Asian shares climb, dollar at fresh highs versus yen
UPDATED @ 02:35:00 PM 08-03-2013
TOKYO, March 8 — The dollar touched a fresh 3½-year peak against the yen and Asian shares rose today, as gains in US stocks on solid data and Chinese exports beating forecast underpinned investor risk sentiment while denting demand for safe-haven gold.
European markets are seen edging higher, with financial spreadbetters predicting London’s FTSE 100, Paris’s CAC-40 and Frankfurt’s DAX would open up about 0.2 per cent. A 0.1 per cent rise in US stock futures pointed to a steady Wall Street start.
Preceding the release of US nonfarm payrolls, China said February exports grew 21.8 per cent from a year earlier, more than double the estimated rise, while imports fell 15.2 per cent, deeper than an 8.8 per cent drop forecast.
“The growth in exports probably reflected an improving global economic environment, including the United States, while the drop in imports is likely distorted by the effect from the Lunar Year holidays during the month,” said Hirokazu Yuihama, a senior strategist at Daiwa Securities in Tokyo.
“The fall in imports does not suggest weakness in domestic demand and the trade data overall doesn’t change the outlook for a moderate recovery in China,” he said.
The MSCI’s broadest index of Asia-Pacific shares outside Japan rose 0.5 per cent, on track for a weekly gain of 0.8 per cent.
Australian shares added 0.3 per cent while the Australian dollar briefly rose after the Chinese data to around US$1.0265 before easing to trade down 0.2 per cent at 1.0244. New Zealand shares closed at a record high.
Hong Kong shares surged 1.8 per cent while Shanghai shares rose 0.3 per cent.
“We see economic recovery in China already, so it will be important to see how that is translated into the earnings recovery for Chinese companies,” said Benjamin Chang, chief executive officer of LBN Advisors, a firm that manages more than US$400 million (RM1.24 billion) in two China funds.
Investors now awaited key US jobs data due at 1330 GMT for further signs of strength in the world’s largest economy. Analysts expect a rise of 160,000 jobs in February.
Today’s payrolls report is key to gauging the US Federal Reserve’s policy course as the Fed will keep its near-zero rate stance until the unemployment rate falls to 6.5 per cent, as long as inflation does not threaten to top 2.5 per cent.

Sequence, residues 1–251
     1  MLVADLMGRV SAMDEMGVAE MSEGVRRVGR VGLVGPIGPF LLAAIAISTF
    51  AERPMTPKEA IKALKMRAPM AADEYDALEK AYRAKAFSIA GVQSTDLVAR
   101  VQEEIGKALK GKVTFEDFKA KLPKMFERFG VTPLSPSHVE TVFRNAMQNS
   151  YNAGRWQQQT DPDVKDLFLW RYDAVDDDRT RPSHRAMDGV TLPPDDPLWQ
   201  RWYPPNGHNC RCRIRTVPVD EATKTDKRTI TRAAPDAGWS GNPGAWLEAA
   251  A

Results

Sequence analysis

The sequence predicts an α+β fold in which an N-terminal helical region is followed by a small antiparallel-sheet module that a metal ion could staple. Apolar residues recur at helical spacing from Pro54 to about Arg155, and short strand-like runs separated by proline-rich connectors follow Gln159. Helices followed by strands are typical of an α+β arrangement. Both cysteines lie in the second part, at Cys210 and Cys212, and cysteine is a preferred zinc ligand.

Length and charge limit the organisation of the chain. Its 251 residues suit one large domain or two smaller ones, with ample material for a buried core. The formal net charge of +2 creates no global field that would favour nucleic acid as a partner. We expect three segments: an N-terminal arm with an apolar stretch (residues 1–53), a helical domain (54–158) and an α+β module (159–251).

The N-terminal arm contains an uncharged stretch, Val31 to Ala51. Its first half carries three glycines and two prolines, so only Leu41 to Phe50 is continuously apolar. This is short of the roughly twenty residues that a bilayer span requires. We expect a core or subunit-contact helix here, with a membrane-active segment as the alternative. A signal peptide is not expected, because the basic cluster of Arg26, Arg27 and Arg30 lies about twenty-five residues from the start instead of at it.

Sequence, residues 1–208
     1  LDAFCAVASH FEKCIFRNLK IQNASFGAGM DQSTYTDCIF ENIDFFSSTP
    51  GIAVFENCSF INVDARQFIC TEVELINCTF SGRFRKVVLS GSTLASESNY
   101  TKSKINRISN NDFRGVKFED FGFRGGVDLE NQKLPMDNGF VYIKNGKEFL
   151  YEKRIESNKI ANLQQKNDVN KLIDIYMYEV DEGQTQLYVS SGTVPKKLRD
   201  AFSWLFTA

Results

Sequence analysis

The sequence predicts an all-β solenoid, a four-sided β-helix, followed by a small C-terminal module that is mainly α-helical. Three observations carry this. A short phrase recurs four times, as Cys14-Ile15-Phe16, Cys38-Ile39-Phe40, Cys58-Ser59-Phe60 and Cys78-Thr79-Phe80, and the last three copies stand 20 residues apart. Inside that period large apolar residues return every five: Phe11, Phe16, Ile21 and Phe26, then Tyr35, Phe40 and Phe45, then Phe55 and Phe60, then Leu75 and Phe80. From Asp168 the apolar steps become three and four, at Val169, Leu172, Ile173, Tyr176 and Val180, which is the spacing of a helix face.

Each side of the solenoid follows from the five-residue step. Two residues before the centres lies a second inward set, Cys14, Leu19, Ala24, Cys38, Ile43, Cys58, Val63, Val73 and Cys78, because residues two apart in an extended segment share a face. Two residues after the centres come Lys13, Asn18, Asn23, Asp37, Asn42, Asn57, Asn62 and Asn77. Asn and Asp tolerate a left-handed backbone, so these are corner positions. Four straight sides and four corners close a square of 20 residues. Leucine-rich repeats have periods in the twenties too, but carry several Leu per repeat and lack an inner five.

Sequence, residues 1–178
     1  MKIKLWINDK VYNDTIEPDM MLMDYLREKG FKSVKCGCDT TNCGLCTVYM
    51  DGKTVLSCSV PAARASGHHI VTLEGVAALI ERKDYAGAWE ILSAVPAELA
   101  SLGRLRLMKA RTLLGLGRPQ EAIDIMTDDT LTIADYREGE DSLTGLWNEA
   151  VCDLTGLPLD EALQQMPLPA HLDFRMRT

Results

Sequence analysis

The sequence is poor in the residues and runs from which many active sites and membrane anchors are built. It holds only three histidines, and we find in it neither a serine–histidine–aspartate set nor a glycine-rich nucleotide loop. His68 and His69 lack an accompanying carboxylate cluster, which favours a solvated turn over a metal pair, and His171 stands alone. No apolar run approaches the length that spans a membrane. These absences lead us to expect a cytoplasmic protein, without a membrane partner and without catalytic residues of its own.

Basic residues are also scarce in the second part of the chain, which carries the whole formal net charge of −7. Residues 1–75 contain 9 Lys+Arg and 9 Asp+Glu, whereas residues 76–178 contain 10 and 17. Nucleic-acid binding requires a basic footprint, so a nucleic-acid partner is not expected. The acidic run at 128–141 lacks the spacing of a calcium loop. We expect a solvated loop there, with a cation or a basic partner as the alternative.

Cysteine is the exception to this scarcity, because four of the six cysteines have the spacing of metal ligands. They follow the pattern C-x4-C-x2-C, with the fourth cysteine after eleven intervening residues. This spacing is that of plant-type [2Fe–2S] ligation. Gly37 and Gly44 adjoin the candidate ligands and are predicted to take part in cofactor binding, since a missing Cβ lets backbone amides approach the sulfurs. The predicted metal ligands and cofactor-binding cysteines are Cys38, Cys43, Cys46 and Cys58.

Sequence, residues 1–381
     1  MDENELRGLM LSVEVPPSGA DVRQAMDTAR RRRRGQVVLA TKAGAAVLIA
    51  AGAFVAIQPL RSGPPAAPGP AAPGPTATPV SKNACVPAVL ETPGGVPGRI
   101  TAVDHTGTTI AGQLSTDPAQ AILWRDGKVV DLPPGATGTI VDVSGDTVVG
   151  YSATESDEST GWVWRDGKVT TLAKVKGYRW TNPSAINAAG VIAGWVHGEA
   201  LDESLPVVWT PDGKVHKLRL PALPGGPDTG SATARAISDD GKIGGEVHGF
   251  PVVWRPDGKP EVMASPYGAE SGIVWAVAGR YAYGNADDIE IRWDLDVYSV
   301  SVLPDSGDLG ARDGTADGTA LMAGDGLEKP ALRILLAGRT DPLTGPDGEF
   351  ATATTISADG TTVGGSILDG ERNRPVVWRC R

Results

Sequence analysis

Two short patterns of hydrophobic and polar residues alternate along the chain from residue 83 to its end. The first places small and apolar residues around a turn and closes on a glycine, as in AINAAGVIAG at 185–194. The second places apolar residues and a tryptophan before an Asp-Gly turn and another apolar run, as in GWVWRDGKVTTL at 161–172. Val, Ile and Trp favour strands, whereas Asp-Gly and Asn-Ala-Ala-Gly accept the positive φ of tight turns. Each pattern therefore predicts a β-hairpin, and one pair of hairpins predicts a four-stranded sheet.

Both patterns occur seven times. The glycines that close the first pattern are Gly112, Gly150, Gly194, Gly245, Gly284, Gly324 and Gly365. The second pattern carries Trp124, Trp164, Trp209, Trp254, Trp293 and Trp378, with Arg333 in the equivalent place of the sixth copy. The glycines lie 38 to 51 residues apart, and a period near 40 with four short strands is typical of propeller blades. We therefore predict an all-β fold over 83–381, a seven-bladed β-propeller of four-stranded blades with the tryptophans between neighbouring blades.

Yesterday’s data showing an unexpected drop in new initial jobless claims benefits last week indicated a steady economic improvement and drove the Dow Jones industrial average to an intraday record for a third consecutive session. The dollar extended its climb against the yen to a peak of 95.45.
“If the jobs data turns out to be good I think we will start to see a 95 yen to 98 yen range,” said Hiroshi Maeba, head of FX trading Japan for UBS in Tokyo.
Japan’s Nikkei stock average closed up 2.6 per cent at its highest since September 2008.
As the dollar is increasingly bought on a firming US economy, the yen has come under renewed selling pressure due to expectations the Bank of Japan will take bold reflationary measures when a new leadership takes over later this month.
The yen extended its decline against the euro to a low of 124.21 yen before inching back up to 124.85.
European Central Bank President Mario Draghi yesterday suggested the bank was not in a hurry to act while noting that any threat of contagion to other euro zone members from Italy’s inconclusive election results was muted.
The euro was down 0.1 per cent at US$1.3091, keeping most of its gains after rallying more than 1 per cent on Draghi’s comments yesterday.
As US equities firmed, the benchmark 10-year US Treasury yield remained elevated at 1.997 per cent in Asia.
Spot gold also eased 0.1 per cent to US$1,576.55 an ounce as investors sought higher returns and abandoned no interest-bearing bullion. For the past month since the dollar bounced off its lows against a basket of key currencies, gold has been capped below a key technical resistance of its 14-day moving average, which stood at US$1,583.42 today.
“Improving US fundamentals and a ‘positive’ rise in the dollar are bostering stocks and denting gold’s appeal because its investment return lags those assets which are leveraged, or are riskier,” said Koichiro Kamei, managing director at financial research firm Market Strategy Institute.
Analysts expect gold to hold ranges above an immediate support of US$1,545-50, with a clear break below US$1,521 through US$1,500 signalling the next phase of weakness.
Southeast Asian bourses remained among the region’s top performers, with Indonesia advancing further to reach a record high for a third straight session.
Foreigners have raised their investment in Indonesia’s government bond market to record levels this year, while also pitching into the stock market.
US crude fell 0.3 per cent to US$91.33 a barrel and Brent also fell 0.3 per cent to US$110.87. — Reuters